UPDATE: WIN A PAIR OF THESE BOOTS!
I’m in the fortunate position to have a pair of Warrior Skreamer K-Lite boots pop through the door, and in an even more fortunate position that I have two feet to try them on and give them a run through.
Here are how Warrior decribe the boots:
The Sell: Add the furious power and deadly accuracy of Skreamer to your game. Pull on Warrior’s first football boots and be fully equipped to exploit What Lies Within. Featuring breakthrough design and technologies, Skreamer is here to change the game
The Colour: Black / Spicy Orange
The Detail: kangaroo vamp, deep lace system, embossed thorax cage, murderhole cutouts, carbon x-bow shank, arrowbed insole, pebax outsole, SkreamFree construction, HeelShield heel counter, ClawTex blades*
* The ones I have are metal studs, with a free fist to screw / unscrew the studs as you see fit.
Here’s a video from Warrior Football’s YouTube channel.
Here are words from FeintZebra himself…
Colour: Black / orange.
Details: Embossed leather, boot laces, holes in the back, metal studs, insoles, side laces, no stitching inside and a carbon bottom.
To be fair, football boots as I remember them, have changed somewhat over the years. I started off playing football on muddy pitches with people one hundred times better than me, with a pair of very cheap Dunlop football boots, as they were the only ones my parents could afford. Such was the level of poverty that, when I lost a stud, I had to adjust the rest just so I could stand up properly in them.
As you can imagine, I never progressed in the football world.
I didn’t play for the school team as I was pants (or if I did, it’s since been wiped from my mind for the very same reason). Although I did go on into my adult years and play five-a-side every week, it’s of little consolation; I now sit in an office doing office work whilst footballers are probably still in bed, paying more tax weekly than I earn in a year.
Had I believed all the advertising about football boots that we now see, I’d be the next David Beckham, married to a skinny “singer” and living a life of luxury with millions upon millions of pounds in the bank. I’m not (although I am married to someone skinny with millions and millions of pounds in my Monopoly bank). That’s nothing to do with the advertising though – it’s more to do with what lies within… and unfortunately for me, I’m about as skillful as a dead fish trying to escape from a hungry seagull.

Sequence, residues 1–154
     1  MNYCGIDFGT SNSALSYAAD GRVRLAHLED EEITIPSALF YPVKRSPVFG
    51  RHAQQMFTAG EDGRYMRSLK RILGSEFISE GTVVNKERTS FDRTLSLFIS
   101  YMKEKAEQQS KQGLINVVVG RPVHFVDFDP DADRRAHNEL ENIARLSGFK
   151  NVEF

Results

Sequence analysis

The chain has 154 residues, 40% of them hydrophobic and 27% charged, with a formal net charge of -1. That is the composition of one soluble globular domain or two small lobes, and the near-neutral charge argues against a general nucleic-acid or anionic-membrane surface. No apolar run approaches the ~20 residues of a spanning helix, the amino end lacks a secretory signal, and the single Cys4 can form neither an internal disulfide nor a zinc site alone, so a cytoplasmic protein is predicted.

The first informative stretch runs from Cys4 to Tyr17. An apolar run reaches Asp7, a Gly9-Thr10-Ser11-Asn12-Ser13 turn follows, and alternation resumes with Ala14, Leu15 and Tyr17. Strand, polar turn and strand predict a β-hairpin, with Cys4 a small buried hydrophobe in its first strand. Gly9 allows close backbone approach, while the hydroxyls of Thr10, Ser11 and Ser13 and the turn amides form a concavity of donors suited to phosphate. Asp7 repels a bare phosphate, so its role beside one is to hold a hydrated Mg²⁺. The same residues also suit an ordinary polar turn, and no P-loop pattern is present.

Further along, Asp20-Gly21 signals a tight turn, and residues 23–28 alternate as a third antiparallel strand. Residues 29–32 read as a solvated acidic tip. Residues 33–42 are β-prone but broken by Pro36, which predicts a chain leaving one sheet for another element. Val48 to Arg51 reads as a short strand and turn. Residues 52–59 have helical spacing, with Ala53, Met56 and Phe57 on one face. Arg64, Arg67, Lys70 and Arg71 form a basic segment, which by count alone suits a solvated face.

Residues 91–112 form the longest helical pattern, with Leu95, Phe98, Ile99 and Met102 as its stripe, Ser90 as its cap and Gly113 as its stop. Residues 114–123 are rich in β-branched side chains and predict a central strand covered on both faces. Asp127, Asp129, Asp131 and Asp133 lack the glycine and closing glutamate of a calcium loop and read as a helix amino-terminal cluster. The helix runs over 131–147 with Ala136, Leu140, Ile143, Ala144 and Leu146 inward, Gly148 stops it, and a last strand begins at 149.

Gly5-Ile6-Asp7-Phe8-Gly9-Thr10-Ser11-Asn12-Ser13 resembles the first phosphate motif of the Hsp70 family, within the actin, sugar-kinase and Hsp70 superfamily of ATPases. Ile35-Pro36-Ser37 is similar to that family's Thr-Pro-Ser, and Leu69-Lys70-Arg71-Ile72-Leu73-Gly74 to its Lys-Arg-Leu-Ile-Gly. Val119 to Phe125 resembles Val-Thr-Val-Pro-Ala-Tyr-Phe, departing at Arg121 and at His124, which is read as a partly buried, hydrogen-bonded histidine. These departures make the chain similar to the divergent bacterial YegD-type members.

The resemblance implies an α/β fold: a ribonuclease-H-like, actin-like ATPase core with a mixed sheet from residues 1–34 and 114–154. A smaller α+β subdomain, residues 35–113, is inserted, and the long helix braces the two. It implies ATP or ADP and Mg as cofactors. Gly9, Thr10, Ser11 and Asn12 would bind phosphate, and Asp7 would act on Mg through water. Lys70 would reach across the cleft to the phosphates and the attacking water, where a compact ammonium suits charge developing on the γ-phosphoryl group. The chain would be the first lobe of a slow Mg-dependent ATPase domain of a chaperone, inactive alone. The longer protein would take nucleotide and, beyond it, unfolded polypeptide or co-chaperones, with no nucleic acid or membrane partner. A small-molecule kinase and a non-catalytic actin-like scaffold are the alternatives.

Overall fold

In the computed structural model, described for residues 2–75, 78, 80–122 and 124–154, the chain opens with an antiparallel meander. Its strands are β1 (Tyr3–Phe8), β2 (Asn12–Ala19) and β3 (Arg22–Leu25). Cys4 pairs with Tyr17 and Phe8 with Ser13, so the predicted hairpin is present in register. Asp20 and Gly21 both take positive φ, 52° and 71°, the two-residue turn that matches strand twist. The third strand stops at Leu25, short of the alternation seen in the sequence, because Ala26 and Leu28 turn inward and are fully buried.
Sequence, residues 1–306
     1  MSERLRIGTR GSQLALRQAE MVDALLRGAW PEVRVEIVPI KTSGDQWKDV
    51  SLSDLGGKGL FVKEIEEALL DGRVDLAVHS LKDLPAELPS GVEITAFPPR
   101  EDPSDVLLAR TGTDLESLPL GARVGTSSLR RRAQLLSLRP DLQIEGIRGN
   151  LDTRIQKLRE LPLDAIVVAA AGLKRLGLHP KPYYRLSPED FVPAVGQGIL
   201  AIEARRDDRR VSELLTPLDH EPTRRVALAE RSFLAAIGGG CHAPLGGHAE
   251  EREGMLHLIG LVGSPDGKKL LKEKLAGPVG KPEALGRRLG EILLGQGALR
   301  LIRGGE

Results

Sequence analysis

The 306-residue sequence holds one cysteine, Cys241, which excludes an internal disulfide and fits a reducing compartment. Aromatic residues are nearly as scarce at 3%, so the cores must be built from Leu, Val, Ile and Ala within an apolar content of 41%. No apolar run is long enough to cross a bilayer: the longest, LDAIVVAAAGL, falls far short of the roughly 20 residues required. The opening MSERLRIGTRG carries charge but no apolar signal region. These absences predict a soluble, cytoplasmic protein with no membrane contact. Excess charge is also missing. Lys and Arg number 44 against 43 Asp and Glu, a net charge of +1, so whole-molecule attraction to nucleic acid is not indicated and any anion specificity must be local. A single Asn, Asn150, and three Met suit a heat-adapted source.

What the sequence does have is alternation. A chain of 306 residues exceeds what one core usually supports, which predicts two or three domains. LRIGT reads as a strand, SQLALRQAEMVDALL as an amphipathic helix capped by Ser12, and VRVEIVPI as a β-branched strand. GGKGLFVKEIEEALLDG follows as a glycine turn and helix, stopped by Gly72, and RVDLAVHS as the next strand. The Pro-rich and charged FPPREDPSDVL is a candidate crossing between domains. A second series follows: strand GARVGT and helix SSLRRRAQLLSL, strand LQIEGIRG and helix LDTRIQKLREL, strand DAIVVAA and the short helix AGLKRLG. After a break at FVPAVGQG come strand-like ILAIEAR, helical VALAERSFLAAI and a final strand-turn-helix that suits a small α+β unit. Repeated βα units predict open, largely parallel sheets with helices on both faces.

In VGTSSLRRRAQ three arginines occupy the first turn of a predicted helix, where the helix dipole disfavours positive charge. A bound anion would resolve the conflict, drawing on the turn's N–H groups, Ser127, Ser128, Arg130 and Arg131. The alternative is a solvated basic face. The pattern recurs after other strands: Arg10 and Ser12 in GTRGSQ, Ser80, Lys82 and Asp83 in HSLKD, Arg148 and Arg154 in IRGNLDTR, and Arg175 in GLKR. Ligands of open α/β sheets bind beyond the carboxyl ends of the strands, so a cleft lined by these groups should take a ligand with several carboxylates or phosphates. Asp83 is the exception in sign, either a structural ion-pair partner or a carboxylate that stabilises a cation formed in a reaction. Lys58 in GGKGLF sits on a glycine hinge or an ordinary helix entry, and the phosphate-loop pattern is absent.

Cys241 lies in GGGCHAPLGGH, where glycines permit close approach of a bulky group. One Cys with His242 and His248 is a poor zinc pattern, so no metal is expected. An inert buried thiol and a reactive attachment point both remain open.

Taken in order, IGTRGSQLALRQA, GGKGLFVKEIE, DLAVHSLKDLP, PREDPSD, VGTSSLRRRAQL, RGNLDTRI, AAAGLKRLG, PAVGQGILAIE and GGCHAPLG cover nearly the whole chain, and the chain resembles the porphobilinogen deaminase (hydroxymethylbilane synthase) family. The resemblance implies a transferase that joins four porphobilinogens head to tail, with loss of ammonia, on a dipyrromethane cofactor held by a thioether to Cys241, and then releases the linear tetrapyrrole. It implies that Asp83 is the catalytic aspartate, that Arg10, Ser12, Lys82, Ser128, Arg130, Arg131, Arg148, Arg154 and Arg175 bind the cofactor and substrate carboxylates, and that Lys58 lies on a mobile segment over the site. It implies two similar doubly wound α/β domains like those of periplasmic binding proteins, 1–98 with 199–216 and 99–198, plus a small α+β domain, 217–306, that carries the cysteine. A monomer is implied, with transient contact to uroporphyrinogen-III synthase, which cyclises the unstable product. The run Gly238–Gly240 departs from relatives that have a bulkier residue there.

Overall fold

But that’s enough about me… Back to the boots.
The first thing that struck me is how different they look to the Skreamer Combat. I was expecting a white, blue, black and orange number to pop through the door, but instead was delighted to find a lovely pair of black and orange – or burnt orange should you wish to get technical – boots, waiting for me.
The outer boot is a mix of Kangaroo leather (yes, that’s right – those cute little things that jump up and down in Australia) and microfibre. Parts of the shoe are embossed with what some would call a tribal pattern, similar to that of the Liverpool third kit. The difference here being that it doesn’t look out of place and makes it far more attractive, so much so that it would be a shame to get them dirty on the pitch.
The holes on the back – oddly named as ‘murderholes’ – are clever, allowing you to adjust the boot without having to squeeze your fingers down the back of the heel, which stops you from making a fool of yourself on the pitch when you get your fingers stuck (we’ve all been there, haven’t we?). There’s even a protective bit at the back so if someone kicks you in the heel, you don’t have to roll around on the floor like you’ve been shotgunned at point blank.
The laces veer towards the outside of the boot running up most of the length, leaving the inside free for you to curve the ball into the top right hand corner of the net. You also have some of those holes on the tongue (murderholes again) to allow you to adjust the tongue without hassle.
The inside of the boot has no stitching, meaning that there is no chance of rub in an awkward place from a cotton strand that has managed to wiggle its way free. The insole of the boot is soft and feels lovely to the bare foot as well as the socked foot. It also gives you the impression that you are walking on air.
Finally across the bottom of the boot you have a carbon plate that gives your foot stability whether running, walking or tap dancing around in the 6 yard box. Being a cyclist, I appreciate a bit of decent carbon, and this is no different. It allows the boot to shed a bit of weight whilst giving a rigid support across the bottom of the foot.
Overall, this boot is an attractive boot, offering a beautiful fit and it feels far too comfortable to be a football boot. If they removed the carbon bottom and studs, I’d be quite happy wear these as a pair of slippers around the house.
When my five a side boots give up the ghost (which isn’t too far in the future), the first boot I will try on is the Skreamer Combat TF, because if they are anything like this boot, then I’m the next David Beckham (just older, fatter and worse at football).
If you are in the market for a new boot, give them a try. I don’t think you’ll be disappointed. As a certain ex manager of Liverpool FC would say: “Kwality”
I’m off to start a rumour about Fellaini joining Liverpool based soley on the fact that Warrior Sports, shirt creators for Liverpool FC, have signed him up. Someone out there will believe me.